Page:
If you’ve been injured as a result of medical care you received in a Veterans Administration medical facility, you may be entitled to seek compensation for damages. In these situations, however, the rules are different than those that would apply to medical malpractice in a civilian hospital.

A veteran who has been injured by a VA medical care provider has three options:

  • Filing a VA disability claim (also known as a Section 1151 claim) and receiving compensation in a similar manner to any other service-connected injury.
  • Pursuing a medical negligence claim under the Federal Tort Claims Act (which allows citizens to sue the government).
  • Filing both a VA disability claim and a medical negligence claim. Any award obtained as a result of the medical negligence claim will be offset by the compensation received for the VA disability claim.

Anesthesia Errors

When you’re put under anesthesia, your life is in the hands of medical professionals. As long as an anesthesiologist accurately performs his or her task, the risks are minimal. However, when mistakes are made, problems are more likely to arise. Examples of anesthesiology mistakes include:

  • Failure to monitor a patient’s airway
  • Leaving a patient alone while he or she is under anesthesia
  • Allowing a patient to fall when coming out of anesthesia
  • Failure to monitor a patient’s heartbeat and vital signs while he or she is under anesthesia
  • Administering the wrong dose of anesthesia medication

Failure to Diagnose

An early diagnosis can be the deciding factor between successful treatment and a debilitating health condition. If a Veterans Administration doctor fails to recognize a serious condition, you may be entitled to compensation.

Not every case of misdiagnosis is malpractice, however. If a medical provider performs each task required to diagnose a patient but still fails to recognize an illness in time to secure successful treatment, he or she cannot be accused of malpractice. But if the same provider fails to meet the standard of care, e.g. failing to order appropriate tests, then you may have a case.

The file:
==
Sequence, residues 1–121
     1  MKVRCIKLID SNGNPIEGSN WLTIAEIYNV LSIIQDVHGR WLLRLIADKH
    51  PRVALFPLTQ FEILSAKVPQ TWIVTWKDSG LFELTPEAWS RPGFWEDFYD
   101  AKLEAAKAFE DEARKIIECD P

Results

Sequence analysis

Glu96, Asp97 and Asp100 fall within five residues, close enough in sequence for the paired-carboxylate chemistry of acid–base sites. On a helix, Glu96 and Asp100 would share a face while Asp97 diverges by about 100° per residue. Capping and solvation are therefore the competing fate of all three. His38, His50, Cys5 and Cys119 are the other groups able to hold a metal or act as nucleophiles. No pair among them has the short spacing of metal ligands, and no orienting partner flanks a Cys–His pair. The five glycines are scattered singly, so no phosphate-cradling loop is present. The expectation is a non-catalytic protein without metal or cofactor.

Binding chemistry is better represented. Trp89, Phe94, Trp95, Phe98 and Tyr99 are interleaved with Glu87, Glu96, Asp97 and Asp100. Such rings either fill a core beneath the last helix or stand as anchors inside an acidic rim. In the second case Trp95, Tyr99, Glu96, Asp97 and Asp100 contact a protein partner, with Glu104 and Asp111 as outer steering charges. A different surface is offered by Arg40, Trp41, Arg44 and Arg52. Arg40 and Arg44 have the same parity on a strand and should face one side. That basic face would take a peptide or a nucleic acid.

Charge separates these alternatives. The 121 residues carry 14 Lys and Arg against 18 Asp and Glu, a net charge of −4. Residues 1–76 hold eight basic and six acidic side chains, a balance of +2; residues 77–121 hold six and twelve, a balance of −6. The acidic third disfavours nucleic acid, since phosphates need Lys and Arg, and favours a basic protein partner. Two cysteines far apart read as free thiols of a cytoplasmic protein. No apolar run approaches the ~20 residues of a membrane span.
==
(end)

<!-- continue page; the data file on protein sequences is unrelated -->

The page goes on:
Hospital Negligence

When you are admitted to a VA hospital (or any medical facility), a positive outcome is not guaranteed. But as long as a hospital makes every effort to return you to health, there is no way to charge them with malpractice. However, if someone fails in his or her duty to treat you and you suffer from injury or illness as a result, you may be able to make a malpractice claim.

As long as the employee who mistreated or neglected to treat you worked for the hospital at the time, the hospital may be held responsible. And any employee – from janitors to nurses to the front desk receptionist – can be fingered in a hospital negligence case, as long as convincing evidence is provided. Of course, some of these cases – like slip-and-fall injuries – would fall under non-medical negligence, where the rules are different. And most doctors are not direct hospital employees. An experienced legal team can assist you in determining where blame lies and how to move forward with your case.

Prescription Drug Errors

When a doctor or pharmacist makes a prescription drug error, they’re risking lives, especially when it comes to older patients who often take several medications. A simple communication mistake can lead to serious injury, illness or death.

Examples of errors that may be considered malpractice:

  • Giving a patient incorrect medication
  • Giving a patient an incorrect dosage
  • Failure to warn a patient about side effects
  • Dispensing drugs that should not be mixed with a patient’s other medications

Surgical Errors

Surgery is a team effort. If one small thing goes wrong – if one person fails to perform his or her duty – the results can be deadly. But it takes more than a failed operation or the lack of a positive outcome to make a malpractice case. A member of the surgical team had to have made errors that directly contributed to a patient’s injury. Examples of surgical malpractice include:

  • Operating on the wrong part of the body or for the wrong reason
  • Damaging an organ adjacent to the operation area
  • Anesthesia errors
  • Failure to monitor a patient for sepsis
  • Leaving surgical equipment inside a patient’s body

Filing Your Claim

The Berry Law Firm is a nationwide law firm representing veterans of every branch of the U.S. armed forces, including the National Guard and the Reserves. Founding attorney John S. Berry, Sr. and his son John S. Berry, Jr. are themselves veterans.

To speak with a member of our team, please call (888) 883-2483 today or contact us online. Your consultation is free. We represent veterans throughout the United States.